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# Chapter 11 Earthquakes

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### Transcript

• 1. Chapter 11 Earthquakes
• 2. When rocks break they move along faults.
• 3. Applied forces cause rocks to undergo elastic deformation.
• 4. When elastic limits are passed, rocks break.
• 5. Rock on one side of a fault can move up, down, or sideways in relation to rock on the other side of the fault.
• 6. Faults occur because forces inside the Earth cause earthâ€™s plates to move placing stress on or near the plate edge
• 7. Rocks will bend, compress, stretch, and possibly break.
• 8. Earthquake: vibrations produced by breaking rock
• 9. Rocks break, move along the fault, and return to original shapes.
• 10. Rock on one side of a fault can move over, under, or past each other along fault lines.
• 11. Three types of forces act on rocks: tension, compression, and shear.
• 12. Tension forces; normal fault: caused by rock above the fault moving downward in relation to the rock below the fault.
• 13.
• 14. Reverse fault: compression forces squeeze rock above the fault up and over the rock below the fault.
• 15.
• 16. Created by shear forces; strikeslip fault: rocks on either side of the fault move past each other without much upward or downward motion.
• 17.
• 18. Section 2:
• 19. Seismic â€“ waves generated by an earthquake can move the ground forward and backward, up and down, and side to side.
• 20. Focus: an earthquakeâ€™s point of energy release
• 21. Primary waves (P waves): cause particles in rocks to move back and forth in the same direction that the wave is traveling.
• 22. Secondary waves (S waves) â€“ cause particles in rock to move at right angles to the direction of wave travel.
• 23. Surface waves â€“ move rock particles in a backward, rolling motion and a sideways swaying motion.
• 24. The point on the Earthâ€™s surface directly above the earthquake focus is called the epicenter.
• 25. The different speeds of seismic waves allow scientists to determine the epicenter.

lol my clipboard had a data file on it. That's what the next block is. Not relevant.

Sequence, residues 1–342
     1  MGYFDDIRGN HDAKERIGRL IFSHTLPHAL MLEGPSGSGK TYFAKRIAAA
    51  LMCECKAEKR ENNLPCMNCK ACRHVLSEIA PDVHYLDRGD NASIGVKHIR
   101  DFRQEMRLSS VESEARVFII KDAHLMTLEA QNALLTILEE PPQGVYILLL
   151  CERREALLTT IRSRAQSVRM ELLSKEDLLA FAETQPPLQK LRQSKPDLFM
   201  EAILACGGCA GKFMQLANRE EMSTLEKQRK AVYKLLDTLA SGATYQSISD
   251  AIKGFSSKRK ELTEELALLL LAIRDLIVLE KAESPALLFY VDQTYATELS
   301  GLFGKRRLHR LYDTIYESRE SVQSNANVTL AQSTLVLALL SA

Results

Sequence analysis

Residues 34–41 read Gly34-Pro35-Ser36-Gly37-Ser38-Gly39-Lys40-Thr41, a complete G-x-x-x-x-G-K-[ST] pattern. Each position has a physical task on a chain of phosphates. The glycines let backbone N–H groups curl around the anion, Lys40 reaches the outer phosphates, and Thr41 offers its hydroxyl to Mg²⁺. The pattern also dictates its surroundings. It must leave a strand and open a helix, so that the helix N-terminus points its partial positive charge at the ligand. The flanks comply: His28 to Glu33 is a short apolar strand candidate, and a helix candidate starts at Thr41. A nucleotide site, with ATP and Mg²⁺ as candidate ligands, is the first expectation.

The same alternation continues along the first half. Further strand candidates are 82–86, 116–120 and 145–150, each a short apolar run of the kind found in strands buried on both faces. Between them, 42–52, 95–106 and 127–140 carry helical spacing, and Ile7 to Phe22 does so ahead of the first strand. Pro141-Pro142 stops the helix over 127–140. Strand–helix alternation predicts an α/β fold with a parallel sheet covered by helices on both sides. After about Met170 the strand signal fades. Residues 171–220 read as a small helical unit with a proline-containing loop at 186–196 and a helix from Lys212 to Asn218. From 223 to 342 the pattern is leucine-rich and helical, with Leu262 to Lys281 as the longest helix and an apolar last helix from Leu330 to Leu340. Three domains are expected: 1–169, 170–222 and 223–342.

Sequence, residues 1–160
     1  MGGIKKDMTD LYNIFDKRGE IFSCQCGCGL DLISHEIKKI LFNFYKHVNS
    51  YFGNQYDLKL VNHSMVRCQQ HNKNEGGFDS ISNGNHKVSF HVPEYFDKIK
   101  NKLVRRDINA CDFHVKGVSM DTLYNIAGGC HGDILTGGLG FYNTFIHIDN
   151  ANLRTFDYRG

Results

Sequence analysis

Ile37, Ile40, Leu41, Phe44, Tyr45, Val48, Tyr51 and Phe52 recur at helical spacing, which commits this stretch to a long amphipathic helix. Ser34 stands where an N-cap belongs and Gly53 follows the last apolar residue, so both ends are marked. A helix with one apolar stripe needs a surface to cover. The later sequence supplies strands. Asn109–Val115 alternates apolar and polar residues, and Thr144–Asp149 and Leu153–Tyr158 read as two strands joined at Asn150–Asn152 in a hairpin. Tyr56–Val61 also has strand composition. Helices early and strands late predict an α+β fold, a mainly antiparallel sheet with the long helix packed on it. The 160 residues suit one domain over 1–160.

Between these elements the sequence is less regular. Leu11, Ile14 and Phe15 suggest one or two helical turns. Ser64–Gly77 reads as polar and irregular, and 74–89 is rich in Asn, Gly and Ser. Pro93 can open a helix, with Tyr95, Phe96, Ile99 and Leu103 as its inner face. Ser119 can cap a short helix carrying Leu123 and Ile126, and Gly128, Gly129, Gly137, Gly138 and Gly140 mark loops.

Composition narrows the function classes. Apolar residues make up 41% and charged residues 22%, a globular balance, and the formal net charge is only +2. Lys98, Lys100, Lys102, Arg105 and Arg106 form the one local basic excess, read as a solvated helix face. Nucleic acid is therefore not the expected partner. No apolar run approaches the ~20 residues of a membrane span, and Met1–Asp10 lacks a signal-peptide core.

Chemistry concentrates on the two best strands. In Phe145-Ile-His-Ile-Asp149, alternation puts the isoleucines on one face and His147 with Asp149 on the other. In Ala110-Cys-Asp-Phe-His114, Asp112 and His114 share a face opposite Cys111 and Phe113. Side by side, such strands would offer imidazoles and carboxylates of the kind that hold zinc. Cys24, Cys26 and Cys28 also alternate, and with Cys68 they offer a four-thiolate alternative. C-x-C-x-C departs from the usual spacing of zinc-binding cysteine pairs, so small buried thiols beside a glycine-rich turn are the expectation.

• 26. Primary waves move the fastest. Secondary waves follow Surface waves move slowest and arrive at the seismograph station last.
• 27. Seismograph: measures seismic waves.
• 28. Consists of a rotating drum of paper and a pendulum with an attached pen.
• 29. The paper record of a seismic event is called a seismogram.
• 30. Earthâ€™s structure consists of an inner, mostly iron, solid core surrounded by a mostly iron liquid outer core surrounded by the mantle.
• 31. The curst is Earthâ€™s outer layer, about 5 to 60 km thick.
• 32. A seismic waveâ€™s speed and direction change as the wave moves through different layers with various densities.
• 33. Density generally increases with depth as pressures increase.
• 34. Shadow zones do not receive seismic waves because the waves are bent or stopped by materials of different density.
• 35. Changes in seismic wave speed allowed detection of boundaries between Earthâ€™s layers.
• 36. Although earthquakes are natural geologic events, they kill many people and cause a lot of damage
• 37. Seismologists
• scientists who study earthquakes
• 38. Magnitude
• measure of energy released by an earthquake
• determined by the Richter scale and based on the height of the lines on a seismogram
• 39.
• 40. The Richter Scale has no upper limit
• 41. Most earthquakes have magnitudes too low to be felt by humans â€“ 3.0 to 4.9 on the Richter Scale
• 42. The modified Mercalli intensity scale describes earthquake intensity based on structural and geologic damage
• 43. Liquefaction
• shaking from an earthquake can make wet soil act like a liquid
• 44.
• 45. Ocean waves caused by earthquake are called tsunamis
• 46.
• caused when a sudden movement of the ocean floor pushes against the water
• can travel thousands of kilometers in all directions
• 47. Earthquakes cannot be reliably predicted
• 48.
• Knowing how and where to plan for earthquakes can help prevent death and damage
• Buildings can be constructed to withstand seismic vibrations
• 49.
• Flexible, circular moorings are being placed under buildings
• made of alternating layers of rubber and steel
• 50. The rubber acts like a cushion to absorb earthquake waves
• 51. Homes can be protected by careful placement of heavy objects and securing gas appliances
• 52. During an earthquake, crawl under a sturdy table or desk
• outdoors, stay away from buildings and power lines
• 53. After an earthquake, check for water or gas line damage leave IMMEDIATELY if a gas smell is present
• 54.
• 55.